“What’s the dog’s name?” I yelled and the woman said something in Korean that I totally didn’t catch, so I hopped back on my bike and charged up the gutter against the thick one-way southbound traffic on Flower knowing it was going to take a miracle to catch this poor creature. And after shadowing her along Jefferson to Figueroa and getting ahead of her to drive her back onto Jefferson, that miracle happened.

Heading towards Flower, instead of a repeat chase downthe open sidewalk of that street, she dodged through a gate she was passing inside of which is a small courtyard and the north doors to the Galen Center. It turned out that the only way out was the gate she went in — one I was quick to close once I entered through it.

I don’t need to tell you that I’d probably still be out there had Acorn not made that strategic move — and I’m not against believing she did it somewhat on purpose to get us away from traffic and calm us all down.

After some trotting around and figuring out (or maybe verifying) she was trapped,  a standoff ensued.

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With the woman remaining outside the gate I took off my helmet and my backpack, sat down and poured out the rest of what little was left of the kibble and just spoke calmly to the dog who stood on her guard about 20 feet away. I flicked several nuggets over to her which she’d eat but come no closer. I debated calling animal services and enlist their assistance, but then just decided that unless Galen Center security (who I’m sure was watching on the surveillance camera over the doors) came out and forced some trespassing issue I felt confident that just chilling was the way to go.

Ultimately, the woman entered the courtyard by climbing over the east barrier  and then proceeded to get low on her hands and needs and move slowly toward the dog while speaking reassuringly:

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It wasn’t long until the woman’s husband showed up outside the gate and watched as we failed to corner the dog the first time, but on the second try Acorn must’ve been getting weary because when we backed her up against the wasll she stood there quietly and let me get up close enough to calmly slip the leash around her neck, whereupon the woman basically collapsed to the ground exhausted and relieved not knowing how to thank me enough.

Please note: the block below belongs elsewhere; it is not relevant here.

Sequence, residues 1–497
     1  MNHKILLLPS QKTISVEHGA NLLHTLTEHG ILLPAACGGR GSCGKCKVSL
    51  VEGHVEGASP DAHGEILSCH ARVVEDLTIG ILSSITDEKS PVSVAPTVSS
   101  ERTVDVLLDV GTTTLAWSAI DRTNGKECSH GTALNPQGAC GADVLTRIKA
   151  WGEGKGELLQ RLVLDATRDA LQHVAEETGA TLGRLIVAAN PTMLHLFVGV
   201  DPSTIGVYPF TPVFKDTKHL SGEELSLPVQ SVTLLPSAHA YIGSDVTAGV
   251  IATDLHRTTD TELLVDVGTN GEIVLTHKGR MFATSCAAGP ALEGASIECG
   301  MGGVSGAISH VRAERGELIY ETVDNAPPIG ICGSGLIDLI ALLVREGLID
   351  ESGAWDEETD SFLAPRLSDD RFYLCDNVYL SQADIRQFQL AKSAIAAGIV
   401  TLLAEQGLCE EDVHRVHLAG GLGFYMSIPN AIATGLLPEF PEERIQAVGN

“This happy ending is thanks enough for me,” I said, patting the dog’s head and apologizing for grabbing her earlier.

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As her husband came in and over to us holding a green cup, she asked him if he’d brought any water, but he shook his head. I told him to use the water in the bottle on my bike and he did, bringing it over and setting it down before the stoic dog who sniffed the cup but didn’t drink — at least not right away.

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Looking her over as she drank, with her severely scabbed-over ear tips and her prominent ribs I could tell she’d already had a hard young life where people have failed her.

“Her name, in Korean, means acorn,” the woman said. “Because she’s the color of an acorn.” Then she told me that they’d had to put their previous dog down last week because of bone cancer, and that she had just picked up Acorn from the pound today.

“I opened the car door and he ran out right away!”

I asked them what breed and they told me a Jindo mix, the same as their last dog, and I cautioned them to be patient with Acorn because she’s going to be an entirely different pet than their last one was.

And then the four of us sat in the late afternoon sun until they had thanked me more than enough and I said my goodbyes and got on my way home.

And I have to admit, I got a little choked up while getting there, with tears not so much of joy, but relief and pride in accomplishment. Rare are the loose dogs I’ve encountered that let me interact with them, but rarer still are the those I intersect with that result in the dog being reunited with its people.

Acorn the Jindo was the first, so you’ll have to pardon me if I feel a bit the hero for a little while.